Classification of the types of intestinal polyps

There are different types of polyps. They differ in their shape and tissue structure (under the microscope):

  • Hyperplastic polyps: in the vast majority of cases, they are benign, sit directly on the mucous membrane and often look like a sawtooth.
  • Inflammatory polyps: do not degenerate and often occur in chronic inflammatory bowel diseases such as Crohn’s disease and ulcerative colitis.
  • Harmful polyps: occur in people with hereditary syndromes and can develop in children.
  • Adenomas: are – besides the hyperplastic – the most common intestinal polyps and can be subdivided into further sub-forms. For example, they may look like a cauliflower and sit on a stem. But they can also lie flat on the mucous membrane or be a mixed form of both.

Once the polyps have been removed, the adenomas – also called adenomatous polyps – further differ in their appearance into tubular, villous, and tubulovillous adenomas. Furthermore, adenomas can look like a sawtooth (serrated adenoma). However, the doctor cannot reliably differentiate these polyp forms from one another during a colonoscopy, so the classification is always based on removal under the microscope. This also means that any polyps discovered must be removed.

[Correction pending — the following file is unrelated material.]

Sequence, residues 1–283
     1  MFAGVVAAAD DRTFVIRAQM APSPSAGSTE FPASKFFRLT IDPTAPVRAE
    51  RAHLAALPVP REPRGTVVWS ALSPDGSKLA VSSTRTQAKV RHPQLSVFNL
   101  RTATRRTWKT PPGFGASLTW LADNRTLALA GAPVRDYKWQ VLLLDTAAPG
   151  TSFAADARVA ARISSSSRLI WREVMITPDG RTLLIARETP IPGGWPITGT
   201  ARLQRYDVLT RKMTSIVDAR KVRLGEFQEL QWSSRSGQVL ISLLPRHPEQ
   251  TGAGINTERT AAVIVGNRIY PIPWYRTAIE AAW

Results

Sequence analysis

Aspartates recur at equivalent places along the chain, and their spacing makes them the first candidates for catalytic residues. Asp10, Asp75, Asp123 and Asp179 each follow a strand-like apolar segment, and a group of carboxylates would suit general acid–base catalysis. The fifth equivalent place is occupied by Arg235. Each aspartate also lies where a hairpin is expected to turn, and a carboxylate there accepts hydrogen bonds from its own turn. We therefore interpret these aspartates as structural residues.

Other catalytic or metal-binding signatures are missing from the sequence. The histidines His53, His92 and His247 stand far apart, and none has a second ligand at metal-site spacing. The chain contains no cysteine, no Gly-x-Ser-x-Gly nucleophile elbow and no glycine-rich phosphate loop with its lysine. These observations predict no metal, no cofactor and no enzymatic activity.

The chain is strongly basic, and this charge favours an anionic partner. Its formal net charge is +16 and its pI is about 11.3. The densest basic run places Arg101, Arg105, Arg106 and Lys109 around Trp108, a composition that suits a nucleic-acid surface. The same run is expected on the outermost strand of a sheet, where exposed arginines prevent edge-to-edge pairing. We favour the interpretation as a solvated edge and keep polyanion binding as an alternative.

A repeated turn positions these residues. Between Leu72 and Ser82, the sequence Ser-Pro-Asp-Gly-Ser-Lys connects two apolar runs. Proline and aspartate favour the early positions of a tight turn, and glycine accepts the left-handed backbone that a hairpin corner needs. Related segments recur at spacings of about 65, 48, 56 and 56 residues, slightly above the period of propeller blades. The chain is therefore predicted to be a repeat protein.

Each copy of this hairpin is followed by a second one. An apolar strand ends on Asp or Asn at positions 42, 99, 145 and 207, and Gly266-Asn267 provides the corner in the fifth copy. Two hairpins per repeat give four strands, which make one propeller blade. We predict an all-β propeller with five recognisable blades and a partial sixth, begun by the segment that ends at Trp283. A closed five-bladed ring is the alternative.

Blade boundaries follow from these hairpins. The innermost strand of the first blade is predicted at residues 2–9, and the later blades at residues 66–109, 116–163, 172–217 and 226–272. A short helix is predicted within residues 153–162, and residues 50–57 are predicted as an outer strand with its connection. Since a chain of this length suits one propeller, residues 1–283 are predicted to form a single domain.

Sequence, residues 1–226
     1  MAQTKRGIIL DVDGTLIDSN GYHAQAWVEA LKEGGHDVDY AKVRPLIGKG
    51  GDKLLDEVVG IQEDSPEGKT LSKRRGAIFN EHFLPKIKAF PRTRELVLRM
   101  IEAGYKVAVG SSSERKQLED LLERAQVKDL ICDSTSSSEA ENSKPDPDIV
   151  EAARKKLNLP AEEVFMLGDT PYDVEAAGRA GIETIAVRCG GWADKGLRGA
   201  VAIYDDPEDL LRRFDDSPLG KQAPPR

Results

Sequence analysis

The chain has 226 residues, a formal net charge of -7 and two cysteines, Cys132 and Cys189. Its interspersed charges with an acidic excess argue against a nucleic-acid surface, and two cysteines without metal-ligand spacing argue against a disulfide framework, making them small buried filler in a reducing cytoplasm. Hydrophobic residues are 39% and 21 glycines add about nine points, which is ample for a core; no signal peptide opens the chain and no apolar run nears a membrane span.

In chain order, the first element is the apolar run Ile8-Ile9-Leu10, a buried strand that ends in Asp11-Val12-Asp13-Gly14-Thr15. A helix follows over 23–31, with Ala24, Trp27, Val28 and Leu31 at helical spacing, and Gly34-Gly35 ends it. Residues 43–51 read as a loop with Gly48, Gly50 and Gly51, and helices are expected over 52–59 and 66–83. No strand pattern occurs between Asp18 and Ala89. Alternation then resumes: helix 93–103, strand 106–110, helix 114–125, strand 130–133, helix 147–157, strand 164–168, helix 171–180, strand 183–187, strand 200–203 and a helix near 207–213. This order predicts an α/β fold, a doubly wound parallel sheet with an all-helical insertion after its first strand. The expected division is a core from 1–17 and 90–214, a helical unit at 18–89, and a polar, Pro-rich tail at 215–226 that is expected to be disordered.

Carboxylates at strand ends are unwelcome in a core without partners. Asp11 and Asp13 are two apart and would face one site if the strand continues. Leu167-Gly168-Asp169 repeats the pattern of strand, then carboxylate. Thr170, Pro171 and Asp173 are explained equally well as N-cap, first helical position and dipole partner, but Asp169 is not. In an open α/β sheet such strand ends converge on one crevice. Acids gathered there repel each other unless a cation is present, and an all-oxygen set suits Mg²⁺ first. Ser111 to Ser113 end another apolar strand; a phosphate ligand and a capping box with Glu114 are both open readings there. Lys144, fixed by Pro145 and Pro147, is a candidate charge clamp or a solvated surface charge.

Few adenomas develop into colon cancer. Nevertheless, they represent a preliminary stage of colon cancer, as doctors call the type of tumour. Because in over 90 percent of cases, colon cancer develops from adenomatous polyps. The more adenomas there are in the colon and the larger they are, the higher the risk of cancer.

In some people, there is a large number of adenomas in the large intestine, which are hereditary. This clinical picture is called familial adenomatous polyposis (FAP). Without early cancer screening, almost 100 percent of these people develop colon cancer.

What promotes intestinal polyps?

  • Allergies, could be diary, gluten, additives or foods that are inflammatory (sugar, transfats, veg oils, alcohol, processed meats, refined carbs)
  • Age: the older a person, the more often polyps are formed